Carl Icahn Likely to Keep MGM Drama Going After Friday's Reorg Vote Deadline
With the ever-resourceful investor in the mix pushing for a rival restructuring plan, 'It's like playing poker against a guy who never runs out of chips,' an insider says.
Despite Friday's 5 p.m. PT deadline for creditors voting on an MGM reorganization plan, the corporate drama is likely to feature surprise twists and turns for a month or longer.
Once Carl Icahn entered the jungle of intrigue surrounding the Lion's reorganization efforts, the long-running saga of financial misery and Hollywood maneuvering was guaranteed to drag on longer than anticipated. Just Thursday, word circulated that MGM had offered Icahn a seat on its proposed new board if he would agree to drop his backing of a rival restructuring plan.
More than 100 MGM lenders are voting on whether to approve a corporate alignment with Spyglass Entertainment, which would get a 4.7% stake in the Lion. The creditors would see almost $4 billion in debt holdings converted into the balance of equity via a "prepackaged" bankruptcy reorganization.
But Icahn is pressing an alternate proposal that would see MGM merge with Lionsgate, where he is the biggest shareholder. Few expect him to abandon the fight, regardless of whether the Spyglass plan is approved by debtholders.
"It's like playing poker against a guy who never runs out of chips," a Hollywood insider said of the ever-resourceful Icahn.
Icahn's corporate maneuvers can become so complicated that it's sometimes hard to tell whose side he's on. At least, that's the contention of a complaint filed by Lionsgate in U.S. District Court on Thursday.
"Icahn has been misleading Lionsgate and its shareholders all along," the film and TV mini-major alleges. "While urging Lionsgate shareholders to support his takeover campaign ... to ensure that Lionsgate did not pursue what he called a 'delusional' MGM transaction, Icahn was quietly amassing a huge position in MGM debt with the undisclosed intention of reaping profits from both sides in an eventual merger. Now, having acquired substantial holdings in both MGM debt and Lionsgate shares, he is aggressively promoting a merger between Lionsgate and MGM."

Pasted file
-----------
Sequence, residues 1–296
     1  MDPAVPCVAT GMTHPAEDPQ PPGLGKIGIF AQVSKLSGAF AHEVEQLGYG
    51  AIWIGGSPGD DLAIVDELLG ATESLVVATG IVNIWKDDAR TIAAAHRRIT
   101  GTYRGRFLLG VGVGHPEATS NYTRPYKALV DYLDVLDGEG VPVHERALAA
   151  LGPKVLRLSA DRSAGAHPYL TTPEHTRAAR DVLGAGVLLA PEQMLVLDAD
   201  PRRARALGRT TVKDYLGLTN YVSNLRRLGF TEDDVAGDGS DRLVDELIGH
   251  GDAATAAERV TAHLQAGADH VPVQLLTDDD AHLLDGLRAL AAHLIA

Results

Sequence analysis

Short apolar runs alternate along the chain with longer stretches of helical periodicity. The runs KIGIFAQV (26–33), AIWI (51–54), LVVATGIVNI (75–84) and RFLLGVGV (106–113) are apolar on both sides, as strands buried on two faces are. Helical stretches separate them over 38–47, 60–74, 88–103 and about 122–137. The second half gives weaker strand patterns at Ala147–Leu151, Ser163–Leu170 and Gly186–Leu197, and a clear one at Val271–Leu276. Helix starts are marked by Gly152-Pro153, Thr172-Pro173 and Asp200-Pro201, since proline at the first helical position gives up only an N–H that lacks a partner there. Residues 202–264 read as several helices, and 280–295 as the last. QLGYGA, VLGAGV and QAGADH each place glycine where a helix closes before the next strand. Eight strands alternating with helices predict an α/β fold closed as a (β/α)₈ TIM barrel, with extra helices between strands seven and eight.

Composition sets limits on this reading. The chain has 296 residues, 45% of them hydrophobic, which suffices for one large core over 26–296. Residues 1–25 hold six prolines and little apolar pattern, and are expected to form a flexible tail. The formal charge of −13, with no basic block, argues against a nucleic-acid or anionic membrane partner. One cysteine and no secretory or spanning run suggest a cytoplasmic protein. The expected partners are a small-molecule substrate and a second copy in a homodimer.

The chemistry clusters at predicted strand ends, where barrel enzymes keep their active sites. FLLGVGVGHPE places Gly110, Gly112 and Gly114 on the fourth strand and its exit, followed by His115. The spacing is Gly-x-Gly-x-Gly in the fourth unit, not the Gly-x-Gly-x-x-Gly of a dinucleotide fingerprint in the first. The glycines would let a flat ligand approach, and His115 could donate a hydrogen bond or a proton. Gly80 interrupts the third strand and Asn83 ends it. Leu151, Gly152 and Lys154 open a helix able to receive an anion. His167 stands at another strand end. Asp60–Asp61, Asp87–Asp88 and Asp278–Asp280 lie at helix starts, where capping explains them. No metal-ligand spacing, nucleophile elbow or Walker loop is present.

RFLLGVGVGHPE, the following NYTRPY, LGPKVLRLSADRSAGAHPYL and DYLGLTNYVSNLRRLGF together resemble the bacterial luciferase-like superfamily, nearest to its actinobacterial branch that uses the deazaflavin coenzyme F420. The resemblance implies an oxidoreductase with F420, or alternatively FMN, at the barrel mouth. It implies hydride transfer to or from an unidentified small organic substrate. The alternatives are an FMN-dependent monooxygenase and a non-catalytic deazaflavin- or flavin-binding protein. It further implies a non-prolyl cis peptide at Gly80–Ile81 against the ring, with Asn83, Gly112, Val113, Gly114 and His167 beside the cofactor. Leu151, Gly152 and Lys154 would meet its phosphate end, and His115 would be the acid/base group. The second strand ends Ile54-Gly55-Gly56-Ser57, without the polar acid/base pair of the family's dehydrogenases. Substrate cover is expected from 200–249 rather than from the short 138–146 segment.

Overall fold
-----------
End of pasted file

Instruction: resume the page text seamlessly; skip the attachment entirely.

Almost simultaneously with the complaint's filing, Lionsgate insiders were stressing that its management and Icahn now are firmly allied in pushing an MGM merger.
In the short run, approval of the Spyglass plan would focus most attention on that proposal, which would be filed in U.S. Bankruptcy Court in Los Angeles. Once filed, likely Monday, the plan would take 30-60 days to proceed through court review.
If approved by the court, the Spyglass plan would anoint its co-toppers Gary Barber and Roger Birnbaum as co-CEOs of the Century City studio.
Icahn has accumulated more than $400 million in MGM debt and recently made a couple of tender offers to buy all of the studio's other publicly traded debt at market premiums. Acquiring even more debt would boost his ability to influence events at MGM, which Icahn now says would complement Lionsgate operations if the two companies were merged.
Hedge funds Anchorage, Highland, Davidson Kempner and Solis acquired about 35% of MGM's publicly traded debt during the past year. Approval of a prepackaged bankruptcy would be needed from 51% of lenders and a group representing two-thirds of the amount owed.
Spyglass is owned by the Cerberus hedge fund, which has done big deals in the past with J.P. Morgan. The investment bank leads a steering committee of the Lion's largest creditors and has been pushing a Spyglass-led reorganization of MGM for more than a year.
MGM's current owners include Providence Equity, TPG Capital, Sony, Comcast, DLJ Merchant and Quadrangle. All would see their equity positions in the studio wiped out in virtually any MGM restructuring.
Stephen Cooper, a turnaround specialist tapped in August 2009 to replace ousted MGM chief Harry Sloan, and CFO Bedi Singh remain nominally in charge of MGM. Film topper Mary Parent had been part of a three-person office of the CEO but recently exited the studio.
Once a restructuring plan is approved, MGM needs quickly to resume film operations, however minimally. That's needed to maintain a 50% interest in Peter Jackson's two-picture adaptation of fantasy-book classic "The Hobbit," with project partner Warner Bros., and to resume development of the next James Bond picture.
Theatrical distribution arrangements also will have to have to be sort out for those and any other future MGM pics.
Until Icahn's late maneuvering, Lionsgate was considered out of the running as an MGM suitor. Suddenly, even if the Spyglass plan is approved, the financier's famous determination and wile are considered a potent enough combo to keep the fight for the legendary Lion going for weeks or months longer.
Whether that means buying up more MGM debt or some other strategy remains to be seen. But he's got the town's attention.
"I think it's about to get interesting," quipped one industry wag.
Said another: "He won't give up now. He smells blood."